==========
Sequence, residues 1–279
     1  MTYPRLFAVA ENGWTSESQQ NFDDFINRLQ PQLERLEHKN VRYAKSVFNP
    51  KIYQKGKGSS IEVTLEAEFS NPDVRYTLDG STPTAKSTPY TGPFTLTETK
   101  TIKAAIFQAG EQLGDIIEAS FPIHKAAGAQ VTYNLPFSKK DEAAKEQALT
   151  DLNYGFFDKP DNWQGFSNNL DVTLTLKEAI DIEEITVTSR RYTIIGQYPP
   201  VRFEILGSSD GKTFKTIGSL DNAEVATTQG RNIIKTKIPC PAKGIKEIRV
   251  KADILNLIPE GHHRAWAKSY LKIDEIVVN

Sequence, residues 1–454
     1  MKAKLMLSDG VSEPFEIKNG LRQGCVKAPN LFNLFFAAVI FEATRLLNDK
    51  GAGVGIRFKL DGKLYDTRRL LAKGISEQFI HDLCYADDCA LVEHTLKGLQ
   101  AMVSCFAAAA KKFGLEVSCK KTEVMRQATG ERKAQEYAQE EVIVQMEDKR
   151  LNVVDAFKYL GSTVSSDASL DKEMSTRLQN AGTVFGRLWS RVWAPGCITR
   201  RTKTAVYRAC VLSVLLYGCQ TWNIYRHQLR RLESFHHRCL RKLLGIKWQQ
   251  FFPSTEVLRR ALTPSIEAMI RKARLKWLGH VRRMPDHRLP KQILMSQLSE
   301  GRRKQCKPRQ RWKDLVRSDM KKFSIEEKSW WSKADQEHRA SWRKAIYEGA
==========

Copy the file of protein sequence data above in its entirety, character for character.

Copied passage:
Sequence, residues 1–279
     1  MTYPRLFAVA ENGWTSESQQ NFDDFINRLQ PQLERLEHKN VRYAKSVFNP
    51  KIYQKGKGSS IEVTLEAEFS NPDVRYTLDG STPTAKSTPY TGPFTLTETK
   101  TIKAAIFQAG EQLGDIIEAS FPIHKAAGAQ VTYNLPFSKK DEAAKEQALT
   151  DLNYGFFDKP DNWQGFSNNL DVTLTLKEAI DIEEITVTSR RYTIIGQYPP
   201  VRFEILGSSD GKTFKTIGSL DNAEVATTQG RNIIKTKIPC PAKGIKEIRV
   251  KADILNLIPE GHHRAWAKSY LKIDEIVVN

Sequence, residues 1–454
     1  MKAKLMLSDG VSEPFEIKNG LRQGCVKAPN LFNLFFAAVI FEATRLLNDK
    51  GAGVGIRFKL DGKLYDTRRL LAKGISEQFI HDLCYADDCA LVEHTLKGLQ
   101  AMVSCFAAAA KKFGLEVSCK KTEVMRQATG ERKAQEYAQE EVIVQMEDKR
   151  LNVVDAFKYL GSTVSSDASL DKEMSTRLQN AGTVFGRLWS RVWAPGCITR
   201  RTKTAVYRAC VLSVLLYGCQ TWNIYRHQLR RLESFHHRCL RKLLGIKWQQ
   251  FFPSTEVLRR ALTPSIEAMI RKARLKWLGH VRRMPDHRLP KQILMSQLSE
   301  GRRKQCKPRQ RWKDLVRSDM KKFSIEEKSW WSKADQEHRA SWRKAIYEGA